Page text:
The book “Buying Real Estate Without Cash or Credit” by Peter Conti and David Finkel has an intriguing title for either beginner investors or more experienced investors who want to stretch investable funds further. Alas, 3/4 of the book is a blatant advertisement for the author gurus’ bootcamps and sell-up options. So, you need to skim through quite a lot to get to some interesting actionable nuggets.

The book is written in a style that includes many “informal quotes” from novice investors going through the entire bootcamp and coaching process until every one of the investors finds investment success after following the instructions of the gurus. Parts of these instructions are included in the book and provide some good food for thought. However, many topics are addressed by simply stating that the students go off for a day with a paid coach and come back educated, or get invaluable camaraderie and accountability through the mentorship program. The authors set up overly saccharine, “touching” scenarios where the newbies come out on top and make a better world for their kids. The web sites and guru programs are not even still around as represented in the book, since the book was published in 2005 and the gurus have moved on.

So, is any part of the book worthwhile? Yes, actually. But you have to do a lot of wading and filtering to get to those good points.

One interesting viewpoint is contrary to the traditional and clichéd “location location location” mantra. Instead, the authors say that for investors the Winning Deal Formula is 10% Property and Location, 30% Financing (price and terms), and 60% Seller Motivation. For investors looking to make their money on the buy, or those looking to flip or value add, there is a lot of truth to that. The actual 10% Property and Location may be rather simplistic, but it helps make the point of honing down on properties based on them being a “deal” instead of them being in the “right place”.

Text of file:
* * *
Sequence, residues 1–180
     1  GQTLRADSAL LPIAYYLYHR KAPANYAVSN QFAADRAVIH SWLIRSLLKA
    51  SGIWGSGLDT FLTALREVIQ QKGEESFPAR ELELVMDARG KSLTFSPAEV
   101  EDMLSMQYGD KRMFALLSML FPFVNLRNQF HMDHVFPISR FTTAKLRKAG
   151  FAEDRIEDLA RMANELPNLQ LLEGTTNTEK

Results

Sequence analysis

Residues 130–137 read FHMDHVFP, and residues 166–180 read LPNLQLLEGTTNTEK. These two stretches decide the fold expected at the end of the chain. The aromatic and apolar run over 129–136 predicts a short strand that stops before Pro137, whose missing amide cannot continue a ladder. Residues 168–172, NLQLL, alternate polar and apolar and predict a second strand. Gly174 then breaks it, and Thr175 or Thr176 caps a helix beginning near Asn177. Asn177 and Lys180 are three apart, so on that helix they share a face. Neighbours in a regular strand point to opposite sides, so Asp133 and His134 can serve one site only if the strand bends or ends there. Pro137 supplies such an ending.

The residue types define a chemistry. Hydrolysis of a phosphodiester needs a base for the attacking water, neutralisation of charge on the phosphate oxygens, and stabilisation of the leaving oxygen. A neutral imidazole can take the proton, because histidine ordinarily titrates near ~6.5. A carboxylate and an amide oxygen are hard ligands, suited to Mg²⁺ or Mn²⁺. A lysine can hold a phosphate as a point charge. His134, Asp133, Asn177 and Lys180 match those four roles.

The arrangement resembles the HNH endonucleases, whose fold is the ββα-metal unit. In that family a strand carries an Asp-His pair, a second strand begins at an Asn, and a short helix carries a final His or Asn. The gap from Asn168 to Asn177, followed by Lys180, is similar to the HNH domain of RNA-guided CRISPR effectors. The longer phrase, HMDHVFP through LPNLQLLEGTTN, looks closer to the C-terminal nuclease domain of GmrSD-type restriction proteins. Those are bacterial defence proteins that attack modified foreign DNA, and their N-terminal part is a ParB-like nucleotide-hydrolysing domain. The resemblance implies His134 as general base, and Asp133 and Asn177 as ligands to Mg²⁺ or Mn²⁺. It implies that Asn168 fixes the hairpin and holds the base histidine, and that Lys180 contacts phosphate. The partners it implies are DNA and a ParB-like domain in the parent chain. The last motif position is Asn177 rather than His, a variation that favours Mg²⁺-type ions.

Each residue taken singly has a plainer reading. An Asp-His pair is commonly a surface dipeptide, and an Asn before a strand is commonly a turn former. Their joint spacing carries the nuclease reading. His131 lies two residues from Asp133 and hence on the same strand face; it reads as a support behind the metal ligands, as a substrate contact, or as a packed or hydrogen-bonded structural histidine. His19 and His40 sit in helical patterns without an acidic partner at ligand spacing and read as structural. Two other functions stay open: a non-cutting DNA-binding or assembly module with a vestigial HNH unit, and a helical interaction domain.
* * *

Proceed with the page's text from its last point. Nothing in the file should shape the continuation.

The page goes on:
Along those lines, motivation = a compelling reason + time crunch, and seller situation = lots of equity or doesn’t need to cash out immediately. The authors provide interesting, but half complete, scripts that beginner investors can use to ascertain true levels of seller motivation and situation. There is an emphasis on repetition and learning, dealing with objections, and moving on quickly instead of wasting time on non-motivated sellers.

Ways to market and increase deal flow are also addressed, including newspaper ads, signs, calling landlords and sellers directly, direct mail, and referral networks.

Then the book finally gets to the topic of its title. Multiple avenues are addressed at a high level: seller financing with low down payments, purchasing subject to the seller’s existing financing, leasing from the owner with a purchase option and then doing the same to another buyer with higher lease rate and higher sale price (making a profit on the spread), and creative financing terms. Other options such as private money, using your own credit, working with hard money lenders, and getting an equity money partner are included, too. Exit strategies are also briefly covered, to round out the discussion.

The authors then go back to negotiation, NPL (neuro-linguistic programming) techniques, and ways to steer a reticent seller to provide a good deal to you as an investor. These sections are perhaps the most useful information in the book, though they would take some practice and do not work well on all strong willed sellers. Nonetheless, there are some nuggets to take away and modify for your own personal style.

The book wraps up with goal setting, action plans, and supposedly true stories from various aggregated characters that have stories told to inspire.

As an experienced investor, it is always beneficial to learn negotiating approaches, how to deal with different types of people, and creative leverage/financing techniques. Those sections of the book were interesting and there were tidbit takeaways here and there that can be useful. However, the cheesy selling of the authors’ own paid programs was constant and glaring. As such, the book is only recommended to those who are good at skimming.